It has got me thinking about my mornings and how I can make them less stressful. And the answer is simple. Work from home or a cafe those mornings that I also have to get the kids to school. Do not even attempt to get into the office at the same time everybody else is trying to get to the office. Do the opposite of what everybody else is doing.

The answer to my stressful mornings maybe as simple as not trying to meet an arbitrary arrival deadline. I will experiment with this over the next two weeks.

Working hours

In my head I know how ridiculous it is to think that the most important thing about my work is that I am sitting at my desk at certain hours for a certain amount of time. But I am finding it hard to challenge and shake that sense of guilt when I am not at my desk when I feel I am suppose to be there.

It is a legacy of being a consultant for so long, billing the client by the hour and having the feeling of being watched.

I am encouraged by those I work around that they don't have this assumption. They encourage me, implicitly more than explicitly, to where when and where suits me. Results are paramount over location.

Today I tried to do it all...find the fastest way into school, workout in the morning, and get into work before 9. It was a failure on most accounts...but it lead me to this new way of thinking.

So tomorrow morning after dropping my kids at school I will be doing some work from home before heading into the office. I will avoid the peak hour rush. I will be more effective and less stressed when I do work.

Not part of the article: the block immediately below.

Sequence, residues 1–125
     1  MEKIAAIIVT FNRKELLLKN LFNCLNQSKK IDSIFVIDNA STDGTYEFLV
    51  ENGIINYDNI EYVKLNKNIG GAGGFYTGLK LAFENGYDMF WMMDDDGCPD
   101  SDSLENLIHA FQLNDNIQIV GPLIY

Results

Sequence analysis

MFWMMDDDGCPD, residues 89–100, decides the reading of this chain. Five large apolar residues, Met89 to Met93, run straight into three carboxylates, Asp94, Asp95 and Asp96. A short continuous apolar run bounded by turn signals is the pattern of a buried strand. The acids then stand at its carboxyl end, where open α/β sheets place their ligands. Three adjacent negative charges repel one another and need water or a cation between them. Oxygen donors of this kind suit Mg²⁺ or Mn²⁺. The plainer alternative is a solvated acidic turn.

When encountering a new culture

I am tempted to offer all sorts of suggestions at my new place of work. Things are different here. There are different assumptions; different constraints; different rituals. My immediate reaction is to want to do things that way I am used to doing them. 

I am parking this urge for the time being. While I will offer a few suggestions, my focus is on asking questions and understanding the way things work here first.

There are a couple of reasons for this. The first is that this organisation is functioning, and functioning well. Therefore any reactive suggestions from me may not actually be that useful. It may be adding unnecessary process, or not aligned with the values of the organisation. I want to understand how and why it works first, and then bring my experience into the picture if I think it could help.

The second reason is that I want to unlearn some of my unhelpful habits and assumptions, and the best way to do this is to observe how somebody else does it.

I think that through this approach both the organisation and I will benefit.

Favourite shape

When I was a kid my favourite shape was a circle. There was a TV show called Play School and during one segment they always started by picking one of three windows. If the circle was not chosen, tears on my behalf would ensue. 

Back working in the CBD and an office this week, it is apparent that the favourite shape of the workplace are the rectangle and square.

Desks, monitors, meeting rooms, offices, partitions, doors, streets, windows, corridors. So may rectangles and squares, everywhere I move and everywhere I look.

I have not done any research about this, but I reckon the shapes we surround ourself with influence the way we interact and out ability to create. Straight lines are easy to build and put together, but I think they limit our ability to think about the connectedness of things, the blurring together of spaces and ideas.

In our natural habitat there is barely a straight line to be seen, let alone a corner. Coast lines, paths winding through forests, tree limbs, even the outline of our own bodies.